Introduction Top


It is well-known that education serves as the foundation for professional advancement.[1] The aim of all dental colleges around the world is almost identical: To provide the community with highly qualified and trained dentists. This target cannot be achieved without a well-constructed curriculum, good teaching methods, and outstanding teaching staff. However, variations between national, regional, and international dental colleges do exist in curriculum structures.[2] One way in which to reduce the discrepancies between these dental curriculums, and to approximate the level of dental graduates, is to compare one college curriculum to another through a process called benchmarking.[1]

Dental education in Saudi Arabia began in 1976 with the opening of the first dental college at King Saud University, followed by the College of Dentistry at King Abdulaziz University in 1985.[3] However, in the last two decades, dental education in the Kingdom has undergone a drastic change. This is largely characterized by the establishment of many new universities across the country and its different regions resulting in 28 dental schools being opened (19 public schools and 9 private schools).

In the past 10 years, most, if not all, dental colleges in Saudi Arabia have been involved in the academic accreditation process under the supervision of the Saudi National Commission for Academic Accreditation and Assessment (NCAAA). The NCAAA was established to determine the standards and criteria for academic accreditation and assessment, as well as for accrediting higher institutions and the programs that they offer. However, little is being done to close the gap between the parameters of LOs in dental education.[1]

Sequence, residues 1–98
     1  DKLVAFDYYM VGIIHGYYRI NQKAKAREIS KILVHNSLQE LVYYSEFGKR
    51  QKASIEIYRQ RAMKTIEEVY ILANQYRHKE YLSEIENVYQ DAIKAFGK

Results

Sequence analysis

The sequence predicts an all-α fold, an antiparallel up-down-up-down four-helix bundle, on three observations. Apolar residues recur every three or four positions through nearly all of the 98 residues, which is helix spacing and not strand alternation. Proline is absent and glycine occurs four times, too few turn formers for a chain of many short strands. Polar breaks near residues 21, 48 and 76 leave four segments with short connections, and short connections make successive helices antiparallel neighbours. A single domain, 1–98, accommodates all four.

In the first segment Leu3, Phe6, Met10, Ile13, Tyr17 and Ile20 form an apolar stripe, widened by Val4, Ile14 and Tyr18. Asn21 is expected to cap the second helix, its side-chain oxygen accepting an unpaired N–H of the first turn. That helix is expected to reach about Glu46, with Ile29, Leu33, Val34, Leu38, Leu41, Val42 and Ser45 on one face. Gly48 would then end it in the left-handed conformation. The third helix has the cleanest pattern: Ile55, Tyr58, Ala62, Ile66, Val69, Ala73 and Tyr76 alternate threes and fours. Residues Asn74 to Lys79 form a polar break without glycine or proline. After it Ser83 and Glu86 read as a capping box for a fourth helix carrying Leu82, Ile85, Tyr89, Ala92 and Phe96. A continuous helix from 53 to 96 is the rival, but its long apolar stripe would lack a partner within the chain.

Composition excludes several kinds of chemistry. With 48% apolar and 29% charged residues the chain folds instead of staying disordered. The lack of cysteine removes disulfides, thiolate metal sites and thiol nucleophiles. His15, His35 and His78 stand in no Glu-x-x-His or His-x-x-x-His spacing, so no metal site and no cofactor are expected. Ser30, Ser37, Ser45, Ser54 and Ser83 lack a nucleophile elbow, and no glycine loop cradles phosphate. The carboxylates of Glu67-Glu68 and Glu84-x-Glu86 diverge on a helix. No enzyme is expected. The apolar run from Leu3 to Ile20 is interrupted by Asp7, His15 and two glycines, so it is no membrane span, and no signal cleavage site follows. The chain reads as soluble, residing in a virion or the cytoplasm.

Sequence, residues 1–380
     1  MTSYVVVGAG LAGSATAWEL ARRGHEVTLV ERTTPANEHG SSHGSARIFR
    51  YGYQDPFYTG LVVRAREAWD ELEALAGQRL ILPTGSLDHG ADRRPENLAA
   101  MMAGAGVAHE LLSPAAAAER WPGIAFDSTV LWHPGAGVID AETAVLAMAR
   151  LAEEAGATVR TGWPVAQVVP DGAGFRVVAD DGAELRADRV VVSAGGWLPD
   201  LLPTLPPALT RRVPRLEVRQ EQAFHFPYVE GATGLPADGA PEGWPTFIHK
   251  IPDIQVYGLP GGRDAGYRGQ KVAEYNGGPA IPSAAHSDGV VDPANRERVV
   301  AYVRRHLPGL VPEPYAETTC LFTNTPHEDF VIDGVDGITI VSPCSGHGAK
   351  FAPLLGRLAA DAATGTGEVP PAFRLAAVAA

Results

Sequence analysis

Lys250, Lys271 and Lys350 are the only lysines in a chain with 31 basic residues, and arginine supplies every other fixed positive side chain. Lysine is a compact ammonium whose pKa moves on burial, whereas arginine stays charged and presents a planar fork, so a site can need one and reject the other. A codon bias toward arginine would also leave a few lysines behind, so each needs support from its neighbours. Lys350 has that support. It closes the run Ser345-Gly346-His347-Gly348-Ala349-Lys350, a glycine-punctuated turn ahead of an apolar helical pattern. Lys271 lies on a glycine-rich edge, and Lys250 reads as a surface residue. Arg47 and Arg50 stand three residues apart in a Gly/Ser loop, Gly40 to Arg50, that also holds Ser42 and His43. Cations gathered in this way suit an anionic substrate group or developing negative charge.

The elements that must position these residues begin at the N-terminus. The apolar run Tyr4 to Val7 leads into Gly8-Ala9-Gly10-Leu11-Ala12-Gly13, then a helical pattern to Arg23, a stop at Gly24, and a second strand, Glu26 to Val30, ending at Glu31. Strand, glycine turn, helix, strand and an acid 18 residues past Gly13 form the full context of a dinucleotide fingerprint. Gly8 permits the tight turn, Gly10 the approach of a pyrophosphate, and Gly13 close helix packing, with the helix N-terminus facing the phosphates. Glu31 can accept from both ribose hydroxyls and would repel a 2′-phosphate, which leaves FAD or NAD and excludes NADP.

Some teachers believe that undergraduate dental students should only be taught the basics of orthodontic science,[4] while others place stress on providing students with a sound theoretical background and practical skills.[5] Undergraduate orthodontic education can vary widely across the globe, and even between universities in the same country. This has clear consequences for the quality and competencies of graduating dentists, such as the total course duration, as well as selection and admission to postgraduate orthodontics courses. The concept, scope, and type of clinical activities can vary between dental institutes, and there is a lack of general agreement between colleges. This results in graduates with differing skill set managing orthodontic patients when entering clinical practice, both in orthodontic technique and in treatment planning for common orthodontic malocclusions. Different forms of collaboration need to be promoted including visiting professors, external examiners, student interchange programs during summer, and research partnerships. The question, however, is whether this type of orthodontic education is appropriate for students who are being educated to practice dentistry in today's general dental service.